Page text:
HP Color Laser 150nw

Image credit: TechRadar (Image credit: Jim Hill)

Having no display of any kind also adds an element of guesswork, making you wonder if the printer is actually working or not. The first page out time is very slow and if you’re not patient, you will find yourself printing duplicate pages by mistake.

We waited for 1 minute 6 seconds for a color document to emerge and 45 seconds for a page of text. Consecutive sheets do churn out more quickly and HP quotes a print rate of 18 ppm for mono pages, but we found that figure to be optimistic. Color pages are quoted at 4ppm which is more realistic. In short, we’d have to say that this is not a fast laser printer. 

During testing we experienced more than one paper jam with up to five sheets of plain A4 paper becoming stuck in the system. The specifications suggest that heavy paper and recycled paper should be fine, but we would advise sticking with smooth laser paper of medium weight to avoid jams. Needless to say, it won’t print on envelopes of any size.

HP Color Laser 150nw

Image credit: TechRadar (Image credit: Jim Hill)


The HP Color Laser 150nw prints consecutive pages of plain black text at a reasonably fast rate and at a reasonable quality. The characters are crisp and light enough to read at very small point sizes, and satisfyingly full and contained when printing bold letters.

It is, however, more dependent upon the media that you feed it than other laser printers. With more porous recycled paper, for instance, things start to look rough around the edges, very small point sizes become unreadable and paper jams become likely. To avoid this, stick to smooth laser paper.

HP Color Laser 150nw

Image credit: TechRadar (Image credit: Jim Hill)

Many laser printers turn out mono and color pages at exactly the same rate, but the HP Color Laser 150nw is far slower when it comes to color. As we already mentioned, we clocked the first page out time at well over a minute, which was long enough to make us wonder if the printer was even connected. With no display, you can never be sure.

Color documents tend to look soft and lack the vivid clarity other laser printers manage. Laser printers are never great at printing photographs, but HP’s 150nw is particularly poor in this respect. Photos suffer from color banding and look shiny, blocky and unrealistic. The print quality is limited to 600 x 600 dpi, which is the lowest resolution we’ve seen in a laser printer – and is low enough to give any image a grainy, dotty appearance.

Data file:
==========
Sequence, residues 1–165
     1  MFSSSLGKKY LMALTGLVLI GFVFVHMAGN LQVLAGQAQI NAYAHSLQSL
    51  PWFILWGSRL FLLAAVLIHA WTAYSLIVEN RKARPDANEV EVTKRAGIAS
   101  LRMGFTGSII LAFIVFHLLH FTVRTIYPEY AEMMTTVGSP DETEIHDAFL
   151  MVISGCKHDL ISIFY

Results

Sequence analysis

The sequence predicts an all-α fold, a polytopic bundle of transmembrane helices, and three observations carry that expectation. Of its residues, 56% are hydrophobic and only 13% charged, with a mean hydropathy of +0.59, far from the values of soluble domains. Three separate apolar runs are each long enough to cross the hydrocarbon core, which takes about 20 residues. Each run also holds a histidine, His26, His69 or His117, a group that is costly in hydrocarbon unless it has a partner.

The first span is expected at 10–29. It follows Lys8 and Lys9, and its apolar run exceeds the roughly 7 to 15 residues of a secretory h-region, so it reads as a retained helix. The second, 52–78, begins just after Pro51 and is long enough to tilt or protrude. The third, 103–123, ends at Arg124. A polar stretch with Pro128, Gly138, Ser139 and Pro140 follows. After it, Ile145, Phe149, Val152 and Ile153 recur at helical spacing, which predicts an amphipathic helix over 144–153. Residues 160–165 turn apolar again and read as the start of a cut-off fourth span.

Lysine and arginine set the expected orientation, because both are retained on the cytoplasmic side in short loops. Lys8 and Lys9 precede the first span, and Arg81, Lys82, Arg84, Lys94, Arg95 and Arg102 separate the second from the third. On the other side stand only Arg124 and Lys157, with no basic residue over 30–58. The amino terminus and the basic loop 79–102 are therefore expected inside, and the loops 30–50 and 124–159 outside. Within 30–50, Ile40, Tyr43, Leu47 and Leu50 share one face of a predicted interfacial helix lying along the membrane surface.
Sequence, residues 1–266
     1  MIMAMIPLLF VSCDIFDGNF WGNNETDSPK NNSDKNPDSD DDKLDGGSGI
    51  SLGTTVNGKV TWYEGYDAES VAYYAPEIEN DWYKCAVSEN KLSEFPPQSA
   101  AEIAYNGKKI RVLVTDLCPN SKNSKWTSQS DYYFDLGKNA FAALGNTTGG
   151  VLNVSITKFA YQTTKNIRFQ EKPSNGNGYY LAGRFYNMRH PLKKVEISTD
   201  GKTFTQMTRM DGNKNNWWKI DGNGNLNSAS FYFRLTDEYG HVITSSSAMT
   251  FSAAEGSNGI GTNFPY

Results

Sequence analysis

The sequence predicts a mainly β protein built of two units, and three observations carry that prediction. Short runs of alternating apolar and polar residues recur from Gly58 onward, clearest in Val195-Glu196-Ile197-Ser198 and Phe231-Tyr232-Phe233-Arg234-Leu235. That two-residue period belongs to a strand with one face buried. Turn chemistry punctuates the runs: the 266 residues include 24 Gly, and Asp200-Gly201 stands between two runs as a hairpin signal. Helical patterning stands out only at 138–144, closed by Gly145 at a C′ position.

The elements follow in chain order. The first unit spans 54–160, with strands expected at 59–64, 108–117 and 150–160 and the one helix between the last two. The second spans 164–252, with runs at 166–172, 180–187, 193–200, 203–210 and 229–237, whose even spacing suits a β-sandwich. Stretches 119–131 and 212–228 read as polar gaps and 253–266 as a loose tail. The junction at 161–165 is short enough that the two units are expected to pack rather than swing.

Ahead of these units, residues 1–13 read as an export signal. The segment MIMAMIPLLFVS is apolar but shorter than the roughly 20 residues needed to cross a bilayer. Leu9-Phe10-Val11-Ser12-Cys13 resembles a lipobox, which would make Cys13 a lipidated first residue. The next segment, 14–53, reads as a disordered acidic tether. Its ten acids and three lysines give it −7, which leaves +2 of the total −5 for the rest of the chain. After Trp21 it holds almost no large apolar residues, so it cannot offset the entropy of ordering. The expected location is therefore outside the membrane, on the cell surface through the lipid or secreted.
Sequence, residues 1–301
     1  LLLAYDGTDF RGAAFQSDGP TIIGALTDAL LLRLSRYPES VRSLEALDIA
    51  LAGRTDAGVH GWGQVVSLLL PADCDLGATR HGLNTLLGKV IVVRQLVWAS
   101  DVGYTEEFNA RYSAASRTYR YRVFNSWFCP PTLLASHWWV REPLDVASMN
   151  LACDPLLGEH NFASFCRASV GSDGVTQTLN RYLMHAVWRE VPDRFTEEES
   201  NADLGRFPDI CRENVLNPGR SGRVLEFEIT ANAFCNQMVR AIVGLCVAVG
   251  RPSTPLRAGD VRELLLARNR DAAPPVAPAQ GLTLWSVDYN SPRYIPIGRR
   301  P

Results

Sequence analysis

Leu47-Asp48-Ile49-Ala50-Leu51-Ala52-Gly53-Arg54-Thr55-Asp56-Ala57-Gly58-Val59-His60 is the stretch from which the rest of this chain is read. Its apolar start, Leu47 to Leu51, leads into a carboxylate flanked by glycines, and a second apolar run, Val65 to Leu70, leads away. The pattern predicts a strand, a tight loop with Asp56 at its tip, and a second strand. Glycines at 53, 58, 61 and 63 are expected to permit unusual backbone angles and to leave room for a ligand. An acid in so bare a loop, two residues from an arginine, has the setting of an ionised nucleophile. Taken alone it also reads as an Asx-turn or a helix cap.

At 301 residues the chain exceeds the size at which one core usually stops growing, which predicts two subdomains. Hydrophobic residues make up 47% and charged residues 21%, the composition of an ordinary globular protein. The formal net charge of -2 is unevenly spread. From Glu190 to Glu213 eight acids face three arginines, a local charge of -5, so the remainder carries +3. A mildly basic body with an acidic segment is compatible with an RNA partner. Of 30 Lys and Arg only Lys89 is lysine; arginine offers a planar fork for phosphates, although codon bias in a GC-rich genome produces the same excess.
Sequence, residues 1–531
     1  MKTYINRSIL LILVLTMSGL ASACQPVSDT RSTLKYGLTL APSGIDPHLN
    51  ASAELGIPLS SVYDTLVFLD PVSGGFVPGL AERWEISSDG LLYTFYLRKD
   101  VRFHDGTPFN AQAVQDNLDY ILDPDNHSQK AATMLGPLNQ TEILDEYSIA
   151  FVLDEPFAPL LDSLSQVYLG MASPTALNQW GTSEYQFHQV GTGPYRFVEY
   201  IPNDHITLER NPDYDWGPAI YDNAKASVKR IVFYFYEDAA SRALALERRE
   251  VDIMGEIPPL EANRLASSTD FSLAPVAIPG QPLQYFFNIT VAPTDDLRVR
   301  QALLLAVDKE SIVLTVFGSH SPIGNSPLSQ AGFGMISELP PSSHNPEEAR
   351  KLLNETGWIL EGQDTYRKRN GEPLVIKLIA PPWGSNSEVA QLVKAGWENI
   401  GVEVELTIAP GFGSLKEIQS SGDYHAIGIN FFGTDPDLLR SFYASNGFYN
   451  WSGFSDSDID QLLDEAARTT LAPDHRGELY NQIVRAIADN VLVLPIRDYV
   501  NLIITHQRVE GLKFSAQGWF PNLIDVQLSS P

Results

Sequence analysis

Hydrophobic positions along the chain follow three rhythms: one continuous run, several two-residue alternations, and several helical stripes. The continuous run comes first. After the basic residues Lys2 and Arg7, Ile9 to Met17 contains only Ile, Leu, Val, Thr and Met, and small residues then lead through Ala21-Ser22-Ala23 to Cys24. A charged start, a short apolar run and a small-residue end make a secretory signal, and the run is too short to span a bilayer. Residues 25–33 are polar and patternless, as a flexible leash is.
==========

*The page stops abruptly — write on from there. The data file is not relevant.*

HP Color Laser 150nw

Image credit: TechRadar (Image credit: Jim Hill)

In lieu of a display panel, this printer informs you of paper feed problems by flashing a red LED exclamation mark. It’s incredibly irritating, but you’ll have to get used to it because in addition to the paper jams, the printer frequently fails to recognize when paper is loaded in the tray.

You can print out a page that will tell you the printer’s network status and an error report. However, we found that the ‘error information’ was never helpful and only wasted yet more paper. Beside the red exclamation point is the backlit power button which also flashes continuously in standby mode until you power it right down. We were driven to masking the LED with parcel tape.

Overall, the print quality here is acceptable for many tasks, but it’s below average and the print speed is frustrating. Yes, consecutive pages trot out at a reasonable pace in black and white when all goes well, but the first page out time is way too slow.

Of more concern is the printer’s intolerance to anything but smooth A4 laser paper. You may find that the money you saved in buying a cheap printer is soon wiped out by the amount of media wasted in paper jams, printing out error pages, and printing on a single side.

HP Color Laser 150nw

Image credit: TechRadar (Image credit: Jim Hill)

Final verdict

On paper and in the flesh, the HP Color Laser 150nw looks like a smart, conveniently compact and refreshingly simple print-only device at a price that’s too good to be true.

The user experience, however, is frustrating, and the overall performance disappointing. It is too slow to process and print the first page and we shouldn’t have to suffer paper jams when printing on plain A4 paper.

Print quality is fine with text, but not great with color documents, and terrible with photos. Its inability to print on envelopes might not be a problem for many of us, but who doesn’t want to print on both sides of the page? While the lack of a display is inconvenient, the lack of auto-duplex is a real problem.

The HP Color Laser 150nw is certainly cheap, but remember that a set of replacement toner costs considerably more than a new printer. Spend a little more on a decent printer and you’ll save money in the long run.

Jim Hill

Jim is a seasoned expert when it comes to testing tech. From playing a prototype PlayStation One to meeting a man called Steve about a new kind of phone in 2007, he’s always hunting the next big thing at the bleeding edge of the electronics industry. After editing the tech section of Wired UK magazine, he is currently specialising in IT and voyaging in his VW camper van.